Summary of the standard environmental risk assessments (ERAs) belonging to applications for an environmental release permit for other purposes of medical applications of naked DNA.
The medical practice uses so-called naked DNA to insert certain genes into human cells. The objective of the treatment with naked DNA molecules is to insert one or more genes into the body cells of a test subject that subsequently are expressed, after which the created gene products have a direct therapeutic effect. Naked DNA can also be applied as a vaccine, against tumours or certain infectious diseases.
DNA that is injected into the human body will be immediately absorbed by the body cells. This DNA is administered in ‘naked’ form: it is not surrounded by a capsid, as in the case of medical and veterinarian applications of genetically modified viruses.
This naked DNA is not a genetically modified organism (GMO Genetically Modified Organism ). However, as soon as the naked DNA is absorbed by the genetic material of a body cell, this cell is considered a GMO. For medical applications of naked DNA, therefore, GMOs are considered to be formed within the body of the test subject. Such applications are subject to a permit under the GMO Environmental Management Act and the corresponding regulation. The outcome of a so-called environmental risk assessment is one of the foundations for such a permit. Closer inspection of the environmental risk assessment for naked DNA shows that, in many cases, the assessment can be carried out without taking the exact composition of the DNA into account.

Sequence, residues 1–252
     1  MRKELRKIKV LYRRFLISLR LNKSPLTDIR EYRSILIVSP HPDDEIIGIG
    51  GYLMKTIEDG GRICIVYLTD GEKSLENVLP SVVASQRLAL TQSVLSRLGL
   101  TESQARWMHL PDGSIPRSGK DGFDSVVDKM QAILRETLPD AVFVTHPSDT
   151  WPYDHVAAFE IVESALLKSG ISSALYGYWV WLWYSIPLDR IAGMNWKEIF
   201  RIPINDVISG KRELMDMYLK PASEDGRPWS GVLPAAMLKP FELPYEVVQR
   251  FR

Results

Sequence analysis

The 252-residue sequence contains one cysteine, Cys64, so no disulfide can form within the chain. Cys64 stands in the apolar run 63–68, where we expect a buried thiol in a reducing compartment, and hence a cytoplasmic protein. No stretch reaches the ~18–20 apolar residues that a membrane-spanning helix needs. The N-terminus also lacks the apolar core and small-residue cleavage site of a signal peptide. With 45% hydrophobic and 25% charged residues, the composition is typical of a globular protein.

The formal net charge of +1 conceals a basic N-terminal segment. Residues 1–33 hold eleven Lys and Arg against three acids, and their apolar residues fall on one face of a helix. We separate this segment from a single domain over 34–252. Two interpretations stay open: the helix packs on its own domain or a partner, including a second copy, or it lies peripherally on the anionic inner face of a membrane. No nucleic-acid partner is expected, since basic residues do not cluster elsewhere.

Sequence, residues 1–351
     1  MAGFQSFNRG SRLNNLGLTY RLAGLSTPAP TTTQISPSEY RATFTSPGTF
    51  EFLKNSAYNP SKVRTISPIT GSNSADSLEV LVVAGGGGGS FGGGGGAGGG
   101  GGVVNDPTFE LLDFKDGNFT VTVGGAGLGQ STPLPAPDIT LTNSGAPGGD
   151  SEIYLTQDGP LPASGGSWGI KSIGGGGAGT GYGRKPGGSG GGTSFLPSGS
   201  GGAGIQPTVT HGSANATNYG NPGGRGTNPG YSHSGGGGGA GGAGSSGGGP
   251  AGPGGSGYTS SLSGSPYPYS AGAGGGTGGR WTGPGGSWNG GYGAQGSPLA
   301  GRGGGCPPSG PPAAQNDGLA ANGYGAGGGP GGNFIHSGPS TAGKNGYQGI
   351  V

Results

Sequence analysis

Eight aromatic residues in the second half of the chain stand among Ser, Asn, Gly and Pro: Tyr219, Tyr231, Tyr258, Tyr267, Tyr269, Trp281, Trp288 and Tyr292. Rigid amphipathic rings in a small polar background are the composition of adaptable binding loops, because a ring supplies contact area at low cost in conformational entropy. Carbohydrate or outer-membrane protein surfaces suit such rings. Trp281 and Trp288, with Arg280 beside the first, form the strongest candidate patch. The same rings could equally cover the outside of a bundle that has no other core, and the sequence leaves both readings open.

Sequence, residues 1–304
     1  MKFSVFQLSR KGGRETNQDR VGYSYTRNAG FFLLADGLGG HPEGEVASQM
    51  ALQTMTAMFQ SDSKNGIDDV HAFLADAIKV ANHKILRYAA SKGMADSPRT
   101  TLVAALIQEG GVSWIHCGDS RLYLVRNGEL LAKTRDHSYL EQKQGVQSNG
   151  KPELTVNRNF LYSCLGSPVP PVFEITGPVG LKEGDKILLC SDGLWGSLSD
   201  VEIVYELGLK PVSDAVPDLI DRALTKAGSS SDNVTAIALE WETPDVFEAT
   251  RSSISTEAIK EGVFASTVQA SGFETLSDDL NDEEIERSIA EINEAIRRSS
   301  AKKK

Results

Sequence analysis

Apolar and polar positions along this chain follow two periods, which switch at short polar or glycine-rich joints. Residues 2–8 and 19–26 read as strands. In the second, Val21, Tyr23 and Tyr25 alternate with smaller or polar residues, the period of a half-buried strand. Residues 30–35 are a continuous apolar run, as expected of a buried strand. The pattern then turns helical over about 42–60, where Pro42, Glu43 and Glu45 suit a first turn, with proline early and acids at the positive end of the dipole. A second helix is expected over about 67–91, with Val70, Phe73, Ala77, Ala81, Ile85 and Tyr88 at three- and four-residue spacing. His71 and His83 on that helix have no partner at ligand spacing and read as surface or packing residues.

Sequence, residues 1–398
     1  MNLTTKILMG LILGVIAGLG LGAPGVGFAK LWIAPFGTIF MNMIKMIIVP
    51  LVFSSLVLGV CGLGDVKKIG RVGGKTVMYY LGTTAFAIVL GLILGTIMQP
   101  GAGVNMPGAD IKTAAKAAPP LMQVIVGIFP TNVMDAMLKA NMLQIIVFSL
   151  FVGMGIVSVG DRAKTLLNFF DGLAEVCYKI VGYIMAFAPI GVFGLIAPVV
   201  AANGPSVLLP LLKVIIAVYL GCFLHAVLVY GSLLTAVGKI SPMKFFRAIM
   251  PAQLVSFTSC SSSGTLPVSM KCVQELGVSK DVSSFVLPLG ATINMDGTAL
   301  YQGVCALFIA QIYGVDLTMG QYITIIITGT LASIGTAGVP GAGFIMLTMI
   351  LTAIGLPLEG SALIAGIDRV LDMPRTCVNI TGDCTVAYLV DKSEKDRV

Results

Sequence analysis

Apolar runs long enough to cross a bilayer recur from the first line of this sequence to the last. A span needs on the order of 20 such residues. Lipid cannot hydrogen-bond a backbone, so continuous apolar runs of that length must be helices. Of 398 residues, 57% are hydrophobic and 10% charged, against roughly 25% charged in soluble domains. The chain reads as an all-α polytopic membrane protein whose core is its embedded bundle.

Standard environmental risk assessment for naked DNA
In the environmental risk assessment (ERA environmental risk assessment ) for medical applications of naked DNA, just as for viral therapies and vaccines, the aim is to determine and assess the risks with regard to humans other than the test subject, and the environment. The effects of the treatment experienced by the test subject are the responsibility of the attending physician, who is bound to other rules and regulations within the medical field. Risks to other people and the environment may emerge when GMOs are released from the test subject and spread into the test subject’s surrounding environment.
For naked DNA, the most obvious transmission route would be the following: the administered DNA or the cells that carry this DNA are released from the test subject and are subsequently absorbed into the body of another human or an animal, where they may form a GMO and in whom the cells could continue to exist as GMOs. However, in practice this transmission route is non-existent. The human cells that are released from the test subject cannot survive in the environment – and even if they were absorbed as living cells by another human or animal, such as via the mouth, their chance of survival is negligible. If the administered naked DNA were released into the environment, it could not end up inside the body of another human or animal in such a way that a GMO could be created. This is only possible if the DNA is inserted into the body intentionally, such as via injection.